After years as a back-burner public issue, the terrible specter of nuclear war has come into focus as a first-order concern for the American electorate. This is due in part to rising tensions in recent years between the United States and Russia. But the most combustible fuel for this anxiety is the unlikely rise of Donald J. Trump.
Since Marco Rubio first opened this line of attack in late February — calling him “a lunatic trying to get ahold of nuclear weapons” — the unsettling prospect of Trump’s finger on the proverbial Red Button has steadily gained attention.
Unique among issues in these polarizing times, this concern now cuts across partisan divides. Scores of political leaders and national security experts from both political parties are questioning whether the Republican nominee has the experience, temperament and judgment to have his finger on that button. This view is shared by a substantial majority of the American public: only 27% trust him to make the right decisions about the use of nuclear weapons. Large blocs of voters now rate the handling of nuclear weapons as a top issue of concern for them in the election.
If you find the thought of Trump’s finger on the Red Button alarming, there is good reason. Just last month, MSNBC’s Joe Scarborough reported Trump asked three times in a one-hour policy briefing, “If we have nuclear weapons, why can’t we use them?”
More importantly, that button is shorthand for a deadly-efficient system built for blind deference and speed. It is extremely vulnerable to accidents, false warnings, rushed decision-making and bad judgment. There are no firewalls — legal, political, operational or otherwise — between a president’s itchy trigger finger and civilization-ending weaponry.
The thousands of nuclear weapons at the president’s disposal — each one 10-20 times more powerful than the bomb that obliterated Hiroshima — are locked in attack-mode, ready to fire at any moment. That adds the potential for catastrophic nuclear violence to every geopolitical conflict, every crisis, every misidentified flock of geese (seriously, it’s happened). Within minutes of receiving a short burst of computer code, they will launch from their silos and can’t be recalled.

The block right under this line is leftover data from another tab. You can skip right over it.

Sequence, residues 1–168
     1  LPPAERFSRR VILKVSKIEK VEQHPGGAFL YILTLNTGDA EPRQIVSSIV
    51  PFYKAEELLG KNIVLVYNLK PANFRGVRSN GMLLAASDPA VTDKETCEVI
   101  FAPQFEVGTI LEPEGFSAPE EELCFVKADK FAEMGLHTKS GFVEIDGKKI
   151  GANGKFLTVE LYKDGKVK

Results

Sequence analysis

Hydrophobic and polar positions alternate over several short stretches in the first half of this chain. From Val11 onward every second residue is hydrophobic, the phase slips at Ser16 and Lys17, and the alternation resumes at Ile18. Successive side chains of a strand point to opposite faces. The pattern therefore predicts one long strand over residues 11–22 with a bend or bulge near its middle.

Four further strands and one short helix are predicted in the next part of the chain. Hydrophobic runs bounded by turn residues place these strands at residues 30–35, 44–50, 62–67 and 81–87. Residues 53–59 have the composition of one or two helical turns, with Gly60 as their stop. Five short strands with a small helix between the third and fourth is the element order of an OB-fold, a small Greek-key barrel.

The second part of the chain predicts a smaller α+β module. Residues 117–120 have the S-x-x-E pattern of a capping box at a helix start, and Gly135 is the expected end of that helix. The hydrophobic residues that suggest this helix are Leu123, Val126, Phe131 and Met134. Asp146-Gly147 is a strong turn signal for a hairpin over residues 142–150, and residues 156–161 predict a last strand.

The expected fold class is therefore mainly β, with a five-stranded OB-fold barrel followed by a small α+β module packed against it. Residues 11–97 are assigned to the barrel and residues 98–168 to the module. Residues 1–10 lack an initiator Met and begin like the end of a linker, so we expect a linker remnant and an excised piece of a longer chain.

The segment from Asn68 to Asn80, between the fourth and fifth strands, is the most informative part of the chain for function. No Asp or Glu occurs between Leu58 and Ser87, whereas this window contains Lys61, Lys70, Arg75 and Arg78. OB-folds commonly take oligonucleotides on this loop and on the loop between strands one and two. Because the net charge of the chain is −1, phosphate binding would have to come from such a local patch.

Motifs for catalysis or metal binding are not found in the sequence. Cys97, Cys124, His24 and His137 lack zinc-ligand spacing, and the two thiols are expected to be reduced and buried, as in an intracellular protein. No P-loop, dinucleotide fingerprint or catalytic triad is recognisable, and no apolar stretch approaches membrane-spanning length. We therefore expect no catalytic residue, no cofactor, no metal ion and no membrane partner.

Once a president makes that decision, no one can stop it.
Certainly, Trump is unfit for the task. His deficiencies on that score could fill a book. Time and again, he has shown himself easily baited and quick to lash out, dismissive of expert consultation, ill-informed of even basic international and military affairs — including, most especially, nuclear weapons (dropping them on Europe isn’t “off the table”).
But that critique, however accurate, misses the point: The problem is larger than any individual candidate or president.
Trump has single-handedly, albeit inadvertently, drawn the spotlight to the little understood danger inherent in continued U.S. reliance on a Red Button nuclear weapons strategy — one that’s geared for first-strike and quick-launch, with autocratic control in the hands of the president. For that, I suppose we should thank him — even as we mobilize to keep his finger as far away from the button as possible.
But we should bear in mind that this catastrophic threat didn’t end after the Cold War, and it won’t end after the fall of Donald Trump. We must dismantle the unjust, undemocratic and terrifyingly absolute power bound up in that button and the insane system it represents. It shouldn’t be harder for the president to appoint a mid-level bureaucrat than it is to kill hundreds of millions of people.
Fortunately, we can reform — and end — the Red Button nuclear system. Progress on this front can take a number of forms. We can ban the first use of nuclear weapons in a conflict, take our arsenal off hair-trigger alert, or even eliminate altogether the categories of weapons (land-based missiles) that are geared only for a quick-launch, first-strike attack. Any of these steps would make us safer and more secure. All of them have the backing of credible nuclear security experts.
At the Republican primary debate in December, Trump pointed to the possibility of a “madman getting his hands on a nuclear weapon” as the biggest problem the American people would face. He had it partly right. It’s not just the madman from a rogue nation we should lose sleep over. It’s the idea that any single person anywhere — including in the United States — has a Red Button at their fingertips and the power to light the world on fire.
Derek Johnson is the executive director of Global Zero Action, the U.S. advocacy arm of the international Global Zero movement to eliminate nuclear weapons, and spokesman for the #NoRedButton campaign. For more information, visit www.noredbutton.org.